[In the following excerpt, originally delivered as a lecture in 1979, John Paul II outlines three qualities for which Aquinas gained his reputation: his complete submission to divine revelation, his great respect for the visible world, and his total acceptance of the teaching office of the Church.]
Esteemed professors and very dear students!
- It is with a feeling of deep joy that I find myself once more, after no short space of time, in...
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SOURCE: "Faith as Knowledge, Faith as Belief: Calvin vs. Aquinas" in Aquinas, Calvin, and Contemporary Protestant Thought, Christian University Press, 1985, pp. 1-20.
[In the following excerpt, Vos contends that the seemingly diametrical differences between Calvin's and Aquinas's positions on the nature of faith are not substantive but the result of ambiguous terminology.]
Among Protestants today Thomas Aquinas is best known for his natural theology, specifically the famous Five Ways found in the second question of the Summa Theologiae. Indeed, for many Protestants this is the only part of Aquinas's writings known with a firsthand acquaintance. By...
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SOURCE: "Action Theory in St. Thomas Aquinas" in Miscellanea Mediaevalia, Walter de Gruyter & Co., 1987, pp. 13-22.
[In the following essay, written in 1987, McInerny examines Aquinas's thoughts on the common good and ultimate end, particularly the distinction between conceiving and realizing perfection.]
In this paper I shall be discussing an issue in Thomistic moral theory that seems to have its parallel in Aristotle. Students of Aristotle have often considered the relation between the analysis of decision in Nicomachean Ethics III, where the model is an end/means one, and that in Nicomachean Ethics VI and VII, where the preferred model is the practical...
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SOURCE: "The Permanent Significance of Thomas Aquinas" in The Recovery of Virtue: The Relevance of Aquinas for Christian Ethics, Westminster/John Knox Press, 1990, pp. 172-79.
[In the following excerpt, Porter extols Aquinas for his unsurpassed handling of problems in his own time, as well as for providing a strong foundation on which to build in the future.]
The history of Aquinas' influence in the ecumenical church is filled with ironies. In 1879, Aquinas' intellectual authority was held up by Leo XIII, in his famous encyclical Aeterni Patris, as "a singular safeguard and glory of the Catholic Church," because "with his own hand he vanquished all errors of...
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SOURCE: "Aquinas on Faith and Goodness" in Being and Goodness: The Concept of the Good in Metaphysics and Philosophical Theology, edited by Scott Mac-Donald, Cornell University Press, 1991, pp. 179-207.
[In the following essay, Stump explains Aquinas's theory of the will and its relationship to the intellect, faith, and goodness; frames objections to Aquinas's accounts; and responds to those objections.]
Recent work on the subject of faith has tended to focus on the epistemology of religious belief, considering such issues as whether beliefs held in faith are rational and how they may be justified. Richard Swinburne, for...
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SOURCE: "Introduction: Being with Order" in Perfection of the Universe according to Aquinas: A Teleological Cosmology, The Pennsylvania State University Press, 1992, pp. 1-31.
[In the following excerpt, Blanchette explains Aquinas's philosophy of being, as well as what he meant by the perfection of the universe.]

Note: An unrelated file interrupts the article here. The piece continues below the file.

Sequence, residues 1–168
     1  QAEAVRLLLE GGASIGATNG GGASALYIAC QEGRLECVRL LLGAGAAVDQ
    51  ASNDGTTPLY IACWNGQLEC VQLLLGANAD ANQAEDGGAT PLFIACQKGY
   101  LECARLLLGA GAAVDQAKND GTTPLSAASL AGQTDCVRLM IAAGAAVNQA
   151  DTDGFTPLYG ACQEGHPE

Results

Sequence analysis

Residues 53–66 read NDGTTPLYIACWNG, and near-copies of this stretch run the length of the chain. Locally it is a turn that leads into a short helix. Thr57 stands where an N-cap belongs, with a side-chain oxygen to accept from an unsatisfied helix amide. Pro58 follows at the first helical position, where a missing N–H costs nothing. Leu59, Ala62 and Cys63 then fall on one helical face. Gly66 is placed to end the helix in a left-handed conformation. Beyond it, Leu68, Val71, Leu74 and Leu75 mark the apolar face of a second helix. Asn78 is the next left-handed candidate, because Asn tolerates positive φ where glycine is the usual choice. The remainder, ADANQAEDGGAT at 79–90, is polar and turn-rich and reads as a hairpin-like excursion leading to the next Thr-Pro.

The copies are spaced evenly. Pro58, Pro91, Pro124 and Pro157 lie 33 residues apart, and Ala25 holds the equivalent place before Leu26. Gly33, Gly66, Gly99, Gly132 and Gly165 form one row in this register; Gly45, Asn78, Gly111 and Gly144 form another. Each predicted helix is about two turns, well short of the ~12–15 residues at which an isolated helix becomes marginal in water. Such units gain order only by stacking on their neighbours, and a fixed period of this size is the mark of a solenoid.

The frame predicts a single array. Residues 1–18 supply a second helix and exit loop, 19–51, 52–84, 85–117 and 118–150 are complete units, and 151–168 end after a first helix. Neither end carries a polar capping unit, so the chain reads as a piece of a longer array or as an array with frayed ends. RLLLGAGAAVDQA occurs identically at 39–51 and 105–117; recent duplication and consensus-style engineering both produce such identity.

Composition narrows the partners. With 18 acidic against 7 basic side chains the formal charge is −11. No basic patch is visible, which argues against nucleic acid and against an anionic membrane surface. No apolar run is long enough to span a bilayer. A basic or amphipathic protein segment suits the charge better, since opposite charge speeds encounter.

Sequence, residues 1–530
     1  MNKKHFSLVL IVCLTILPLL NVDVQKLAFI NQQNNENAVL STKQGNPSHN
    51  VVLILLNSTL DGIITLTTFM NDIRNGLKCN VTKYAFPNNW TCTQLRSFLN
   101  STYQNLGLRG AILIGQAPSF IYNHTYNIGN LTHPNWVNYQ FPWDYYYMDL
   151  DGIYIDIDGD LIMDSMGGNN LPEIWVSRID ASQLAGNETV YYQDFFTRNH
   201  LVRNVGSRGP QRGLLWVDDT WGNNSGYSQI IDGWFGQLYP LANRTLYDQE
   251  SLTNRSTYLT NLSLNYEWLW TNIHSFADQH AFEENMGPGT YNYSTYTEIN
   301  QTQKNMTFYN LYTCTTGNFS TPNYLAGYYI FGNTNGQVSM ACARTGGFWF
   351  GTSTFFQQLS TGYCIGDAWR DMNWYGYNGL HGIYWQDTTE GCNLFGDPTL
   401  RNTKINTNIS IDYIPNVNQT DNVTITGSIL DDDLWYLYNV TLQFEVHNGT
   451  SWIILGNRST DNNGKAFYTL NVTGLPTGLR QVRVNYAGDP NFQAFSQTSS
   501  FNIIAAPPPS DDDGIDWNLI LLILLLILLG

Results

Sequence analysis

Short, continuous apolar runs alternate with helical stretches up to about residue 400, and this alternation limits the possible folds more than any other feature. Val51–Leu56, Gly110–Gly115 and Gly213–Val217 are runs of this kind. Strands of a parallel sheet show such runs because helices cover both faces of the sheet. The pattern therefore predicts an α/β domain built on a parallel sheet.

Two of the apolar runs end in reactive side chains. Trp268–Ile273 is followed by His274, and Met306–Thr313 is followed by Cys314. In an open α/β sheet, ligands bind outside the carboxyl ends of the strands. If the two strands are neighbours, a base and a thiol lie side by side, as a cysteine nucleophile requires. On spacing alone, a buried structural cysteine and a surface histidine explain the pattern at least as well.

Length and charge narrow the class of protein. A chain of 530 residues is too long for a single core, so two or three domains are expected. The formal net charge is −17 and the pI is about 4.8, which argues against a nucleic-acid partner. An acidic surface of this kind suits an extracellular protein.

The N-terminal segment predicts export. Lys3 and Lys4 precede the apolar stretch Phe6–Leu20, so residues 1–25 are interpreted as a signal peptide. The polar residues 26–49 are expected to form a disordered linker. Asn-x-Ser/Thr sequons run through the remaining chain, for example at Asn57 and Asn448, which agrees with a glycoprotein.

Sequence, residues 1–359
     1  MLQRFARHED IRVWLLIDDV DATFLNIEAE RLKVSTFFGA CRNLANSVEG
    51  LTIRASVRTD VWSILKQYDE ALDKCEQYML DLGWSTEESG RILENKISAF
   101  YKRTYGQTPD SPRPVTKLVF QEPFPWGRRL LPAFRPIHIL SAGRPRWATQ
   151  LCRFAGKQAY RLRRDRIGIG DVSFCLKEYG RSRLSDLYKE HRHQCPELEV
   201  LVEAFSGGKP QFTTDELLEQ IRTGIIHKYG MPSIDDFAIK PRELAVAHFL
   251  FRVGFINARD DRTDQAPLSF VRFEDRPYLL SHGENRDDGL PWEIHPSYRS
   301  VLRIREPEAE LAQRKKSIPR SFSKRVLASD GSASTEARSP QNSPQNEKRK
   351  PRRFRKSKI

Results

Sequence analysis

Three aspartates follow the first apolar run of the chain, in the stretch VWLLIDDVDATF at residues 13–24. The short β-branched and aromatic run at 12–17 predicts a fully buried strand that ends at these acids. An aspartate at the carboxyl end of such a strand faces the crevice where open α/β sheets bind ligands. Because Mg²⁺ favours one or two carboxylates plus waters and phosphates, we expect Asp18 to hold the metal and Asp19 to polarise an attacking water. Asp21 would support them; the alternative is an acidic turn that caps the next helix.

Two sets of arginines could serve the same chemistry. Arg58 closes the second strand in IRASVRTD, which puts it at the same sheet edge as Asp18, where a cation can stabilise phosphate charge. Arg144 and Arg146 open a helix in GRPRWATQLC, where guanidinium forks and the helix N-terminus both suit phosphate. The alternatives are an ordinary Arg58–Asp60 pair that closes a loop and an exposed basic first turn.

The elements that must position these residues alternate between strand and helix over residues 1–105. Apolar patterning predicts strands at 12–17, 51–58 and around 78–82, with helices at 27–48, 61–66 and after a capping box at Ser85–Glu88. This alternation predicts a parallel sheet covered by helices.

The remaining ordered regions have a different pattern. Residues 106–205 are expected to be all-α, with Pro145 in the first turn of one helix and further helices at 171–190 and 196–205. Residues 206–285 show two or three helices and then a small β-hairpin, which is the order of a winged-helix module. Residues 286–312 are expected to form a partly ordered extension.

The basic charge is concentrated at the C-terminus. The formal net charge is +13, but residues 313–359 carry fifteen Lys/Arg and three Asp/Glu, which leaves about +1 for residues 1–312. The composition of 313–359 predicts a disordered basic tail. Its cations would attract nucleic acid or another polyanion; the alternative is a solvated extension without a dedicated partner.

The idea of the universe and its perfection is not one we think of readily. Moreover, if we do think of the universe as a whole, we are not inclined to think of it as perfect. Our idea of perfection is no less vague and vacillating than our idea of the universe. Physicists think of the universe as a whole in their cosmology, but only in terms of their abstract...
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SOURCE: "Happiness: The One Thing Everybody Wants" in The Primacy of Love: An Introduction to the Ethics of Thomas Aquinas, Paulist Press, 1992, pp. 44-62.
[In the following excerpt, Wadell discusses Aquinas's inquiries into happiness, including the requirements for attaining true happiness, the need to purify one's desires, false notions of happiness, and why perfect happiness can be found only in God.]
Anybody who promises to make us happy has our attention. We may be skeptical, but we will listen. Everyone wants to be happy, and if we doubt this we only have to recall how much of our energy is devoted to seeking what we think will bring us joy. This is why when...
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SOURCE: "'Scientia' and the Summa theologiae" in Knowledge and Faith in Thomas Aquinas, Cambridge University Press, 1997, pp. 78-98.
[In the following excerpt, Jenkins discusses the structure and nature of the Summa Theologiae and argues that its intended audience was advanced students in theology.]
The Summa theologiae is the chefd'oeuvre of St. Thomas Aquinas. Although all of Aquinas's works are powerful and important, and several are masterpieces, the Summa theologiae is his most comprehensive and is thought by most to be his greatest. The sheer organization of such a large amount of disparate material in the four volumes of this...
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SOURCE: "Patterns in the Summa theologiae" in Thomas Aquinas, Theologian, University of Notre Dame Press, 1997, pp. 41-86.
[In the following excerpt, O 'Meara discusses some of the patterns and structures Aquinas used in his consideration of Christian theology.]
All beautiful attributes showered throughout the world in separate drops flow together whole and complete, and move toward the font of goodness. When we are drawn to the graciousness, beauty, and goodness of creatures, we ought to be borne away to the One in whom all these little streams commingle and flow.
Summa contra gentiles (2,...